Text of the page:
Everything begins with love

Galina Kalyuzhnaya — an Honoured Worker of Culture of Ukraine and the Head of Minsk’s Zapovit Public Association (soon to celebrate its 25th jubilee) — can hardly imagine her life in Belarus without strong ties with Ukraine

Galina Kalyuzhnaya — an Honoured Worker of Culture of Ukraine and the Head of Minsk’s Zapovit Public Association (soon to celebrate its 25th jubilee) — can hardly imagine her life in Belarus without strong ties with Ukraine
Galina Kalyuzhnaya — an Honoured Worker of Culture of Ukraine and the Head of Minsk’s Zapovit Public Association (soon to celebrate its 25th jubilee) — can hardly imagine her life in Belarus without strong ties with Ukraine. She has lived in the Republic for over 50 years but still endeavours to help Belarusians learn about the rich and beautiful culture of her homeland

Galina Kalyuzhnaya — an Honoured Worker of Culture of Ukraine and the Head of Minsk’s Zapovit Public AssociationMs. Kalyuzhnaya called our editorial office asking us to tell our readers of a wonderful contest dedicated to Taras Shevchenko’s 200th birthday. Later, she visited personally, showing us drawings submitted by pupils of Minsk’s art schools and centres of supplementary education. I soon realised that our conversation would focus on more than those drawings. Her manner aroused sincere sympathy and respect, being full of enthusiasm for the Ukrainian community, which she headed 15 years ago.

We heard stories of Ukrainets v Belarusi (Ukrainian in Belarus) newspaper, of her devoted assistants and of co-operation with schools and libraries — in particular, with the National Library of Belarus. Last year, the country’s major library hosted a round table session dedicated to ‘Taras Shevchenko and the Influence of His Artistry on the Slavonic Spiritual World’. Initiated by the National Library’s Director, Roman Motulsky, it drew experts from the Belarusian National Academy of Sciences’ Literary Institute and the Belarusian State University.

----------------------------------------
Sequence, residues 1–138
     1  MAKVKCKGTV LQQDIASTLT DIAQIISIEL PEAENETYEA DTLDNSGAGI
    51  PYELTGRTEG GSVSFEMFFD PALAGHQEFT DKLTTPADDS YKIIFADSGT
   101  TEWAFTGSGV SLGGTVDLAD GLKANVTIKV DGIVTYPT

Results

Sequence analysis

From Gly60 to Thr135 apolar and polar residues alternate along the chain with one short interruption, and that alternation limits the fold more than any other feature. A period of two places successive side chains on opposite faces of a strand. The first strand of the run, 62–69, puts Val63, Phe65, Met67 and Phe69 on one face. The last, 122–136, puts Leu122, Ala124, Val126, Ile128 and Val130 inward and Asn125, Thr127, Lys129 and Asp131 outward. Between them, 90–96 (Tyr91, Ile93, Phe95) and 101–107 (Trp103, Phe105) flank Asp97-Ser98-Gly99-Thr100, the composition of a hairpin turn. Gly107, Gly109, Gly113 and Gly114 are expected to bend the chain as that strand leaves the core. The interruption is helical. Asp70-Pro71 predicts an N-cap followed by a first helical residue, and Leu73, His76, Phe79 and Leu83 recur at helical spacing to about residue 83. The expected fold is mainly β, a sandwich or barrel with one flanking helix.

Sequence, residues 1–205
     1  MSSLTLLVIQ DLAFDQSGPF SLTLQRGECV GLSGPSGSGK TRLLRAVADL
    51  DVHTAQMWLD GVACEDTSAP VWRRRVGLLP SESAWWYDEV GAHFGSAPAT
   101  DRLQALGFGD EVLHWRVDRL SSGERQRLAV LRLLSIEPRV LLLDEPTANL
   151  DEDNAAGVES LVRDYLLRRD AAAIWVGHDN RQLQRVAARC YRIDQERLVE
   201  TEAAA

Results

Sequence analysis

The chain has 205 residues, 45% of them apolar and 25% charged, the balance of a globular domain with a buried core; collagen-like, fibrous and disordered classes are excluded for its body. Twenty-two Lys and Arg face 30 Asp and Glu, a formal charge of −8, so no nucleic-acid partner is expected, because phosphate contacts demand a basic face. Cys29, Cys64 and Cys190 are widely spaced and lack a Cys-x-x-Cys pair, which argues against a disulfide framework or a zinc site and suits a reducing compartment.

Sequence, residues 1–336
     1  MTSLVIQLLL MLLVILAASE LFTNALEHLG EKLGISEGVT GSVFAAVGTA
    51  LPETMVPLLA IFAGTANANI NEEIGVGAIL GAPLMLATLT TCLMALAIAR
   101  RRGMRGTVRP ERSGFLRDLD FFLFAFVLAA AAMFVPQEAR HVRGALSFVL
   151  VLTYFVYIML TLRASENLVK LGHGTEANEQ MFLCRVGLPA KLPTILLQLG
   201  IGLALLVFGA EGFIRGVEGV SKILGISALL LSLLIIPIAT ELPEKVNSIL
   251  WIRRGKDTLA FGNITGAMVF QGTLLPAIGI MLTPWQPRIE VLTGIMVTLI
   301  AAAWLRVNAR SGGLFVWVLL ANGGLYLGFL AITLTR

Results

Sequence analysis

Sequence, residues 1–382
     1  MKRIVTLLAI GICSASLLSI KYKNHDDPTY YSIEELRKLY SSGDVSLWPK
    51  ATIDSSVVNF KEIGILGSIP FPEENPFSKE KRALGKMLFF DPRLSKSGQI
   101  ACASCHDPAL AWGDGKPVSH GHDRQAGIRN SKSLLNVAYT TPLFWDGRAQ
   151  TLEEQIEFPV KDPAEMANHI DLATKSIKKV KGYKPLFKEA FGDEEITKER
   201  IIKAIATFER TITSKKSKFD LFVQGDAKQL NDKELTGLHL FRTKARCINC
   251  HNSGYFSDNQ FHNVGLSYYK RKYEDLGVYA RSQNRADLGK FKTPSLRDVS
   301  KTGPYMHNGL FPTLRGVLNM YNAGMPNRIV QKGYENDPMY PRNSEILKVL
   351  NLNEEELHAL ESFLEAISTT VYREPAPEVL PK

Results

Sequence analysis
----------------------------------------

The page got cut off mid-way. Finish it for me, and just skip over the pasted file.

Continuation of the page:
Ms. Kalyuzhnaya tells us that Mr. Motulsky was born in Lvov Region, so understands Ukrainian feeling well and cherishes Ukrainian literature. Her own life is intricately connected with books, as she worked at a Trade Union library for many years. “She is unique,” notes Mr. Motulsky, adding, “Anyone would envy her energy. Everything she does is wrapped in the warmth of her heart.”

It’s possible that Ms. Kalyuzhnaya’s forefathers once lived in Belarus. After her mother died, she came to stay with Minsk relatives, travelling from Ukrainian Dubno (in Rovno Region). Galina grew up in the Belarusian capital, entering the Maxim Tank Pedagogical University, to study librarianship. She then married in Belarus, having two daughters. She firmly believes that Fate has played its hand, feeling that she is destined to strengthen Ukraine’s ties with Belarus, having left her homeland. Ms. Kalyuzhnaya has adopted this mission eagerly, while working at a Minsk library.

Some people become heavily involved in public activities, devoting their excessive energy selflessly, to help others. Of course, this brings joy and inspiration and Ms. Kalyuzhnaya is one such. In 2005, she headed the first Ukrainian association: Zapovit. Before this, she led a department at library #20, working hard to unite Ukrainians living in Minsk and to familiarise Belarusians with Ukrainian culture, via meetings, literary and song parties and diverse contests for both nationalities.

Zapovit is now among the nine strongest branches of the Belarusian Vatra Public Association of Ukrainians, uniting around 100 members; Ms. Kalyuzhnaya fully appreciates their activities and is always ready to share information on its work with the media, describing its new projects. She notes that all its members are similarly active and passionate. Among them are Alena Yudina, Anna Sapsay, Yaroslav Kozyuk, Nadezhda Nemko and Olga Sukharenko; all give their time and effort, and Ms. Kalyuzhnaya appreciates their involvement and friendship.